Pak’s Political Crisis: Imran or Army, Whose Victory March Will Grip Islamabad?

As Imran prepares for his grand march, he's likely to find the people of Pakistan more on his side than ever before.

5 min read
Hindi Female

The Angry Young-Old man is back at what he does best. After weeks of foot shuffling and indecision, Imran Khan Niazi, former Prime Minister and bane of 'all things stable' is back on the streets.

At a press conference, he announced that come 28 October, his party would commence a march from Lahore to Islamabad, in what he promised would be the 'biggest sea of people’ ever seen.

That’s quite likely since he continues to draw crowds as the general distrust of the government rises. But an unprecedented event has since occurred. The DG ISI has made his first public pronouncement, and he’s certainly not rooting for Khan in fact, quite the reverse. But Khan and his advisors are determined to take the plunge, such powerful opposition notwithstanding.

Beef Over Army Chief Appointment Intensifies

The march is taking place after a lot of dilly-dallying. Remember, that Khan had accused the ruling party of wanting to appoint a malleable army chief— hardly a surprise since that is what he himself and every ‘elected' or 'selected’ leader has done almost since the state was founded.

But such public declarations are out of the question, and the Army pronounced itself ‘aghast' declaring that “Politicising the senior leadership of Pakistan Army and scandalising the process of selection of the Chief of Army Staff is neither in the interest of the state of Pakistan nor of the institution.”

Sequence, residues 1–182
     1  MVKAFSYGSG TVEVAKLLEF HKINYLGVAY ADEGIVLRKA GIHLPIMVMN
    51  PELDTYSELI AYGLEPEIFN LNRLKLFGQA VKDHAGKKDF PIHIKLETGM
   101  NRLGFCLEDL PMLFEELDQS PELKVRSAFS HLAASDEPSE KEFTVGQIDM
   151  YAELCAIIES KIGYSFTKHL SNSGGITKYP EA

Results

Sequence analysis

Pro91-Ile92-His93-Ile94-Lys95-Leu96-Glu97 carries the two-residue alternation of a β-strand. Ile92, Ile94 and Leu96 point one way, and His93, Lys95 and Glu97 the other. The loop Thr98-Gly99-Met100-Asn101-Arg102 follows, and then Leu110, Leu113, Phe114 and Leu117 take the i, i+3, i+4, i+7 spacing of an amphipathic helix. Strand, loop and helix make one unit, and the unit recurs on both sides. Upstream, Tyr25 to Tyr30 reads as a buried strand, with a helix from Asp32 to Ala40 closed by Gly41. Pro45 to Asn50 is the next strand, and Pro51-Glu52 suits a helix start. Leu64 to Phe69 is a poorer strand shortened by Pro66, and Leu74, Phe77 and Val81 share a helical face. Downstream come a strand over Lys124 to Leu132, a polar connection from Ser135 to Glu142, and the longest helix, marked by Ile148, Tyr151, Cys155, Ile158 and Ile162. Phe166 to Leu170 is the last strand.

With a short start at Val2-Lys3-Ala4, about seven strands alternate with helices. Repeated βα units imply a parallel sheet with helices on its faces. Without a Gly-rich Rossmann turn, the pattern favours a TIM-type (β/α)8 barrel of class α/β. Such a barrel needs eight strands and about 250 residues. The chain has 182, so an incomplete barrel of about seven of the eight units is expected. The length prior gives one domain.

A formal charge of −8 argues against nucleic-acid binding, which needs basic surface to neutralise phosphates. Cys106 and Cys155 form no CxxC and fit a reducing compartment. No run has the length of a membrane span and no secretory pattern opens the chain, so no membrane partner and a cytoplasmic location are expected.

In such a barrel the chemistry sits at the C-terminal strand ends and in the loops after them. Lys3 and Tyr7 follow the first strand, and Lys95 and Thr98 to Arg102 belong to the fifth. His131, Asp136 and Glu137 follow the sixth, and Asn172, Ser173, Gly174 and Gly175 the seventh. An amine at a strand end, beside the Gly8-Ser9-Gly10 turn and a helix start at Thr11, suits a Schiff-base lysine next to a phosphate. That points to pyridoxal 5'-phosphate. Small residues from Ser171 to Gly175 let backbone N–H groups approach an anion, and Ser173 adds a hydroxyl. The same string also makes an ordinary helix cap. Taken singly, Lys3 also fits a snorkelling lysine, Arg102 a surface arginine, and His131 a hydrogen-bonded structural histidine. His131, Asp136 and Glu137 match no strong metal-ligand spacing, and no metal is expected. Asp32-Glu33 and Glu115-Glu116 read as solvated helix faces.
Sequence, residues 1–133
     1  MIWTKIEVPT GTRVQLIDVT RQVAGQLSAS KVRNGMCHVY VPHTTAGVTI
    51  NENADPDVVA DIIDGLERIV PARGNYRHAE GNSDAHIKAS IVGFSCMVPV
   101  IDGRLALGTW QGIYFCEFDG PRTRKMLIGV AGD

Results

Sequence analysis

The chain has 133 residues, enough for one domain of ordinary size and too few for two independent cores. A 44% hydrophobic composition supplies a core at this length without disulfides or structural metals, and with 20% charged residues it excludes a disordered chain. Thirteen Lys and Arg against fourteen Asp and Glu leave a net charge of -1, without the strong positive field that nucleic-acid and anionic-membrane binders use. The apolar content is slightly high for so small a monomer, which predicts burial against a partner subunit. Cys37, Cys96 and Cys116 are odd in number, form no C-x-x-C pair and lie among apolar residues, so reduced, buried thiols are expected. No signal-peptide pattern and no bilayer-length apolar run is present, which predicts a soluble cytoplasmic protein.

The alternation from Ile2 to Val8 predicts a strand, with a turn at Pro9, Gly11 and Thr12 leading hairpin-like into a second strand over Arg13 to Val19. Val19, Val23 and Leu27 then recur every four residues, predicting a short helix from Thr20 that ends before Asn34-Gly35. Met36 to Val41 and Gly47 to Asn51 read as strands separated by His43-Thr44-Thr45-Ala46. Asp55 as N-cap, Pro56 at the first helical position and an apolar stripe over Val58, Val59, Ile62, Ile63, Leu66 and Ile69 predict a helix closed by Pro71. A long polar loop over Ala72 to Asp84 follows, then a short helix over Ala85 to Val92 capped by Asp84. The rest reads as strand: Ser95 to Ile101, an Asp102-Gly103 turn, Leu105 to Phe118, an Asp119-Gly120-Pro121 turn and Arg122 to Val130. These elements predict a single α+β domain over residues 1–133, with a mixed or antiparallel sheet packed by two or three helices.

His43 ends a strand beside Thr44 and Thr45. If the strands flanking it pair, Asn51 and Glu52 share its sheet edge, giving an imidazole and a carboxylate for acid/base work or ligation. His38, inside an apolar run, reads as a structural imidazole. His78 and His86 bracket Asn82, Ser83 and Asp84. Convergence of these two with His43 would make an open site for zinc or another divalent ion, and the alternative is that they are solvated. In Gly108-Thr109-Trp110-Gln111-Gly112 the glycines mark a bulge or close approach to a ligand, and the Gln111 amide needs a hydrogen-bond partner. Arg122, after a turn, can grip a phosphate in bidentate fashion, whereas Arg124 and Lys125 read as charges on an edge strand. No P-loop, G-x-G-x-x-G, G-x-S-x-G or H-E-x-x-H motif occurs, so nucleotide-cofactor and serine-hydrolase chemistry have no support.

But such statements are now passe. The army is cruelly divided on the issue of Khan, even in public. The backlash against Gen Qamar Javed Bajwa, who will retire next month is unprecedented, with the hashtag “Go Bajwa Go” again trending on Twitter, and not just Imran Khan but also others vilifying him as 'Mir Jafar'(a general who betrayed Siraj-ud-Daulah)

Powerful figures like Gen (retd) Quli Khan have openly backed Khan, while bodies like the 'Veterans of Pakistan' issued a statement calling out US interference in the alleged cypher cable that virtually had the State Department ordering a ‘No Confidence Motion', believing that the whole thing is a conspiracy to stop the China Pakistan Economic Corridor(CPEC) while its supporters believe it is a ploy to get rid of Pakistan’s nuclear weapons.

This is Pakistan. There is no shortage of conspiracy theories. The point is whether they can be turned into an ‘electable’ issue.


Another Journalist Slain Under Pak Regime